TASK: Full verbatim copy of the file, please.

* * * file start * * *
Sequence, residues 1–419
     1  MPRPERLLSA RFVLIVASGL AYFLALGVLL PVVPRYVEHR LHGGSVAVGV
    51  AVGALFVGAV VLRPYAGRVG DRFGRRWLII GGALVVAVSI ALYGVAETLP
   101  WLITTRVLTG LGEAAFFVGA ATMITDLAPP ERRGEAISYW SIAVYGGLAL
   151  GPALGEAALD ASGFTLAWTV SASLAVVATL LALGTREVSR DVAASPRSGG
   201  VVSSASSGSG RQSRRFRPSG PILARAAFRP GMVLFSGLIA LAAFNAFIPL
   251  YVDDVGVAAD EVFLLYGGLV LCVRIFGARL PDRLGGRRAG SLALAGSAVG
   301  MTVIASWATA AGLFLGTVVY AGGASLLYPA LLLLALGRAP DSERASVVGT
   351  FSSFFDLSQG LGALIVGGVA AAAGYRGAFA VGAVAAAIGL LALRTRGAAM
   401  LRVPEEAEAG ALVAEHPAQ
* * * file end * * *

Sequence, residues 1–419
     1  MPRPERLLSA RFVLIVASGL AYFLALGVLL PVVPRYVEHR LHGGSVAVGV
    51  AVGALFVGAV VLRPYAGRVG DRFGRRWLII GGALVVAVSI ALYGVAETLP
   101  WLITTRVLTG LGEAAFFVGA ATMITDLAPP ERRGEAISYW SIAVYGGLAL
   151  GPALGEAALD ASGFTLAWTV SASLAVVATL LALGTREVSR DVAASPRSGG
   201  VVSSASSGSG RQSRRFRPSG PILARAAFRP GMVLFSGLIA LAAFNAFIPL
   251  YVDDVGVAAD EVFLLYGGLV LCVRIFGARL PDRLGGRRAG SLALAGSAVG
   301  MTVIASWATA AGLFLGTVVY AGGASLLYPA LLLLALGRAP DSERASVVGT
   351  FSSFFDLSQG LGALIVGGVA AAAGYRGAFA VGAVAAAIGL LALRTRGAAM
   401  LRVPEEAEAG ALVAEHPAQ